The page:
Review: Monster Beats Tour In-Ear Headphones by Dr. Dre
Before we get into the details of Monster's new in-canal earphones, Beats Tour by Dr. Dre ($150), we need to briefly express a concern: as much as we love -- seriously love -- Dr. Dre's music, there's something a little troubling about buying special earphones to match the sound intended by a specific person. Do it once, and then other musicians might expect the same; some bands might record their music to sound bad in popular or competing earphones, just to drive sales to their own. If this happened, the result would be pandemonium, just as bad as having to buy special artist-specific MP3 players or download unique audio codecs just for given producers. The world is certainly a much better place without having to change earphones every time we change songs.
Having mentioned that possibility, however, the reality is that there are already hundreds of different earphones out there, and they rarely sound exactly the same. Smart companies know how to choose and then balance the miniature speakers inside to deliver sound that either appeals to the masses or to specific niches; others just toss components inside and cross their fingers that people will like them. That’s why we don’t hold anything against Monster for its choice to work with Dr. Dre, whose skills as a rapper and producer have deservedly received Grammy awards—the man has been making superb music for 25 years, under his own name and with others, including huge hip-hop acts such as Dre’s N.W.A. and solo artists Eminem and 50 Cent.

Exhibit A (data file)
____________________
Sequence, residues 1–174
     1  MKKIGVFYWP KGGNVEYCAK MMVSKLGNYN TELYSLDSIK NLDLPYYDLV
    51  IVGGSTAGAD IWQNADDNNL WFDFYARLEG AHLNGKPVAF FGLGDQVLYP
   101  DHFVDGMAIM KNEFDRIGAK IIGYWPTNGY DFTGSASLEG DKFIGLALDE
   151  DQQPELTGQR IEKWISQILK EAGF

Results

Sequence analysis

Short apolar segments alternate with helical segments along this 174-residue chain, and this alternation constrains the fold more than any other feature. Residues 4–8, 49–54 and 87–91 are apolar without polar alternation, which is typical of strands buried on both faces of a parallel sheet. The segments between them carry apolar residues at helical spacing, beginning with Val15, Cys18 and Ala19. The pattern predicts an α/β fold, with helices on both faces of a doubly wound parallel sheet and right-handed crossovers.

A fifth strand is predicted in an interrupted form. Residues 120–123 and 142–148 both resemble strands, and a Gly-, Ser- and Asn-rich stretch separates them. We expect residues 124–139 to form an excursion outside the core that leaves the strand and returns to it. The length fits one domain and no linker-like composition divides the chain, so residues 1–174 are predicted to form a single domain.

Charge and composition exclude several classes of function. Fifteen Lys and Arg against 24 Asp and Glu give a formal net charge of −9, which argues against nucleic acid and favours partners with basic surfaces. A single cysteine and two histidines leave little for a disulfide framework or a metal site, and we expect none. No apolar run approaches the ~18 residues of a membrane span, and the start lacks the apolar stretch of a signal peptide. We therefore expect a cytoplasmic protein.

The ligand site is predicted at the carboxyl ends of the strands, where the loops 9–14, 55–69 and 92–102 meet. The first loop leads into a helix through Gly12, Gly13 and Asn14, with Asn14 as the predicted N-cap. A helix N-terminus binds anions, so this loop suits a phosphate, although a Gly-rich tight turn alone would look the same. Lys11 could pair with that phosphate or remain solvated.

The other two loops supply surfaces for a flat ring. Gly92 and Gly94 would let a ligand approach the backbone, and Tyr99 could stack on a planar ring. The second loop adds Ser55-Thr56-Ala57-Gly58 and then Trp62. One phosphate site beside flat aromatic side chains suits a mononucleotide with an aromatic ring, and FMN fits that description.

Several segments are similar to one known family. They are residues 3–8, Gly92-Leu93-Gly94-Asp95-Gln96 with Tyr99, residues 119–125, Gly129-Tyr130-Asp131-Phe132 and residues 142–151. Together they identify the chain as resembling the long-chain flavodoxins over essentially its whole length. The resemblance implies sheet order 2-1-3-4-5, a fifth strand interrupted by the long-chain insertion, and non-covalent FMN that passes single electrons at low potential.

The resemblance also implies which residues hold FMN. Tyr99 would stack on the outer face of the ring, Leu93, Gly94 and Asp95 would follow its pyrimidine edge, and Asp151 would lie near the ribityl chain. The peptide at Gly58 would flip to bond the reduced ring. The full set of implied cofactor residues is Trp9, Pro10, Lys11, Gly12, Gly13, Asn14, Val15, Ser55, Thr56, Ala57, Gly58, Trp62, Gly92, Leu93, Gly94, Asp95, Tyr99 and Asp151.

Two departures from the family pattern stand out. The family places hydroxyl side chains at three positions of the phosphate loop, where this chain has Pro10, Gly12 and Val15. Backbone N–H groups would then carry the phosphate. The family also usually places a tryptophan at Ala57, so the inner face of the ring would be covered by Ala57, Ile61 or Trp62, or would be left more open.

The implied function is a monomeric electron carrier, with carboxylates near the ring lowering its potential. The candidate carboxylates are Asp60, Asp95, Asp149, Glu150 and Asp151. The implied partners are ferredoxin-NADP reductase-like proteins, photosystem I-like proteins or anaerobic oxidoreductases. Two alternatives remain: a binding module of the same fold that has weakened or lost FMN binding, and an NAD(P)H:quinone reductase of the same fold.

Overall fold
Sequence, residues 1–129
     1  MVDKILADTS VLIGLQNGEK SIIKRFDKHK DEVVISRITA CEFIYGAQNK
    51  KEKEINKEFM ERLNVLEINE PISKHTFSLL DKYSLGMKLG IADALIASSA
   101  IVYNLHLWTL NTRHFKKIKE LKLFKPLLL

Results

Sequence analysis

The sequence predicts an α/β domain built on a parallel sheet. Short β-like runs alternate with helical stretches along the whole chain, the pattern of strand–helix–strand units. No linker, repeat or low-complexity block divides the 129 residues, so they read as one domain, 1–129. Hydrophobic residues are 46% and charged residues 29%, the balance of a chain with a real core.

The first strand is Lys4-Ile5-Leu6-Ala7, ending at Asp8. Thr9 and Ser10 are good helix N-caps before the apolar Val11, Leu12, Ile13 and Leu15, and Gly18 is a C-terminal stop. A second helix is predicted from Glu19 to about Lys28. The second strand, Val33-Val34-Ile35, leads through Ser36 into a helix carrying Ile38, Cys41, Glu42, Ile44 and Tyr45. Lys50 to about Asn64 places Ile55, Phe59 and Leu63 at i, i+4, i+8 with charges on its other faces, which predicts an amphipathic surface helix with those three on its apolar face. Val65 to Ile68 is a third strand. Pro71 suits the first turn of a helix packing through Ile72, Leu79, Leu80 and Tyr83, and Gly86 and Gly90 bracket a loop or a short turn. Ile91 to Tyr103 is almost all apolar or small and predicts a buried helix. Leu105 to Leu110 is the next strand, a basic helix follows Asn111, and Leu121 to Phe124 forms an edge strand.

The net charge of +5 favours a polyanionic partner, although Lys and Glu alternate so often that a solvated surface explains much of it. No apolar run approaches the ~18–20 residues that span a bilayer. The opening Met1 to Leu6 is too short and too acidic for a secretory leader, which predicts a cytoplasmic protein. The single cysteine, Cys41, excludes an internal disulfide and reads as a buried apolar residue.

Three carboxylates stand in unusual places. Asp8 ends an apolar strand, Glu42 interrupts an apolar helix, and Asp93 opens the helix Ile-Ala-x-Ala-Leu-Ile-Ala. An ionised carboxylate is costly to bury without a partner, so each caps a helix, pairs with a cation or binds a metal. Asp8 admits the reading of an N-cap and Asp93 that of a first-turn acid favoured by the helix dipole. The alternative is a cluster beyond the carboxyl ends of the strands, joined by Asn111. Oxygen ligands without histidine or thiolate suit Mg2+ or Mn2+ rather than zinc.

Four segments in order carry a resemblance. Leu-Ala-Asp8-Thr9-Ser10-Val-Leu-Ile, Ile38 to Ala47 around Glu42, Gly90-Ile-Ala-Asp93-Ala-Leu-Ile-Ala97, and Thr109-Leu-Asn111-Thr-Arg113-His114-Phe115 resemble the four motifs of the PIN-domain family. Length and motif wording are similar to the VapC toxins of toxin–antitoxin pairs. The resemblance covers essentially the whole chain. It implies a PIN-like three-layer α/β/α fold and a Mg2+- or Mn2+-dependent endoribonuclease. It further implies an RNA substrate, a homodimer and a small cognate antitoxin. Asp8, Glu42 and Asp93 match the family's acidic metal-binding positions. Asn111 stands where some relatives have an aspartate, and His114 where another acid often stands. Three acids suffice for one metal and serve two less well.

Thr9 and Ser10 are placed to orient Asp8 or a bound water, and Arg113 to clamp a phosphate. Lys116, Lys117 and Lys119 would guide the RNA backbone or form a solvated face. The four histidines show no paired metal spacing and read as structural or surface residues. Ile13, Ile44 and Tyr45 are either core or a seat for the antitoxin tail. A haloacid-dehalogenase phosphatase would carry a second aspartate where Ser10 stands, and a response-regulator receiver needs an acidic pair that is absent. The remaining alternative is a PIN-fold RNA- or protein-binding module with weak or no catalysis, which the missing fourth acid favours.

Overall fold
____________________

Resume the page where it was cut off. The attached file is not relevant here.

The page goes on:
It’s therefore no surprise that Beats Tour is pitched as well-suited to “hip hop, rock, and R&B,” with especially powerful, distortion-free bass. A note from Dr. Dre on the back of Tour’s box says that the new canalphones will let you hear music the way artists and Dre hear it: with the “bass, the detail, the dynamics” found in his studio. And Monster has come up with a novel-looking design, too.
Most interestingly, Beats Tour features a red, tangle-free flat cable design that actually works: we’ve wrapped and unwrapped these earphones multiple times along with others we’ve been testing, and while we’ve had to untangle the others, Tour has been effortless from a cord standpoint every time. Monster has also come up with distinctive black earplugs that have the “b” logo on their flat outer surfaces, plus a kit with five sets of replaceable silicone eartips, and a semi-hard, zippered “b” carrying case. While we’re not fond of the color of the cords, we do like just about everything else about Monster’s kit; it’s a little new, a little familiar, and definitely distinctive.